FOLLOWING the all-party meeting between New Delhi and J&K’s unionist parties on June 24, a flurry of political commentary ensued on the causes and outcome of this historic conference. Broadly, three arguments have been offered: firstly, that the Modi government took a U-turn on its hardline Kashmir policy after facing external pressure; secondly, that the BJP decided this new move on Kashmir to get the J&K parties (particularly the Gupkar Alliance) endorse the delimitation process and in view of the upcoming assembly elections in some important states of India; and, thirdly, that the central government through this meeting sought to get the Kashmir-centric parties accept the new order of politics in Kashmir.
Writing in Deccan Herald (26 June), Sushant Singh, a Senior Fellow at New Delhi-based think tank The Centre for Policy Research, argues that three things have converged to force the Modi government’s U-turn on Kashmir: the pressure from China in the Ladakh region has created prospects of a two-front war for India, the withdrawal of the western forces from Afghanistan has made Taliban seizure of power imminent, and the covid pandemic lockdown has badly affected the economic growth and thus weakened the government.
The exit of the US and NATO troops from Afghanistan is likely to catapult the Afghan Taliban into a commanding position; and the armed group may eventually take over Kabul. Pakistan is believed to have influence over the Taliban, so Pakistan’s clout in Afghanistan is going to rise with the Taliban takeover. For its post-withdrawal operations against the anti-US armed groups within Afghanistan, the US needs military bases in Pakistan, so there is a possibility of renewed military cooperation between the US and Pakistan. According to Singh, such a scenario is “bound to further complicate matters for India, especially on Kashmir.”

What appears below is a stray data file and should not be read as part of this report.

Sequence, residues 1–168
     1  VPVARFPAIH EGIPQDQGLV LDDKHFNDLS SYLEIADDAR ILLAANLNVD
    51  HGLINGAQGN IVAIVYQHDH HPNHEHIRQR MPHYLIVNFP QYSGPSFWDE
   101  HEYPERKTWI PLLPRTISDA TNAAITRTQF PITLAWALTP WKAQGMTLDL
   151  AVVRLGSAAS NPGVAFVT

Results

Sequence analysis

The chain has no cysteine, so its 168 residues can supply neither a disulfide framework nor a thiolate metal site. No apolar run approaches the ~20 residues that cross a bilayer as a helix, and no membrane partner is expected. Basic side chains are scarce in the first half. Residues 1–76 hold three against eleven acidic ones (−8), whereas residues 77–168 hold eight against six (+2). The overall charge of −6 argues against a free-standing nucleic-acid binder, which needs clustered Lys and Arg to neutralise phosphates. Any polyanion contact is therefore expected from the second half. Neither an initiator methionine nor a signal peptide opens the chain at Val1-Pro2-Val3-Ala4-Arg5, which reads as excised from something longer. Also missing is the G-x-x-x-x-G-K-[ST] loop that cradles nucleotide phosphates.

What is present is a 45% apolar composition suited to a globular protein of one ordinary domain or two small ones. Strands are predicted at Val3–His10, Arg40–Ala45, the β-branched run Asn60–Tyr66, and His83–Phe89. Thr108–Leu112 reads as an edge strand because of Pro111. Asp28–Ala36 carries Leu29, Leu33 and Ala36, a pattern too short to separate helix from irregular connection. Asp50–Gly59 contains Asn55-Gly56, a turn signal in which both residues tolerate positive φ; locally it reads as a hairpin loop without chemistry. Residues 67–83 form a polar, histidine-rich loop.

So, one argument is that we must see the all-party meeting of 24th June in this geopolitical context. This is a plausible argument. By engaging in the backchannel talks with Pakistan (facilitated by the UAE) and agreeing to a ceasefire agreement in February 2021 the situation at the LOC has been stabilized, allowing India to, temporarily, pull itself out of the security nightmare of a two-front military engagement across the treacherous northern and western de-facto borders which had overstretched and overstressed Indian troops. The India-Pakistan ceasefire agreement was preceded by the China-India disengagement plans to deescalate the situation along the 3,488 km poorly demarcated Line of Actual Control (LAC) that divides Chinese and Indian controlled territories in the Ladakh region.
However, Nirupama Subramanian in her article “Limits of Naya Kashmir” (Indian Express: 28 June 2021) sees the geopolitical angle as an over reading and rather views the all-party meeting as a continuation of BJP’s ideological and electoral projects. Subramanian reminds us that the current BJP government “has hardly tailored its ideological projects to the demands of diplomacy or global geopolitics.” Citing the tweets and statements by the Modi-Shah duo after the all-party meeting, she argues that the PM and HM’s emphasis on delimitation in J&K “certainly suggested a focus narrower than the shifting sands of regional geopolitics, which demand grand gestures of reconciliation, people-friendly confidence-building measures, and big promises. There were none of those in the meeting, and there is no indication that such gestures are in the pipeline.”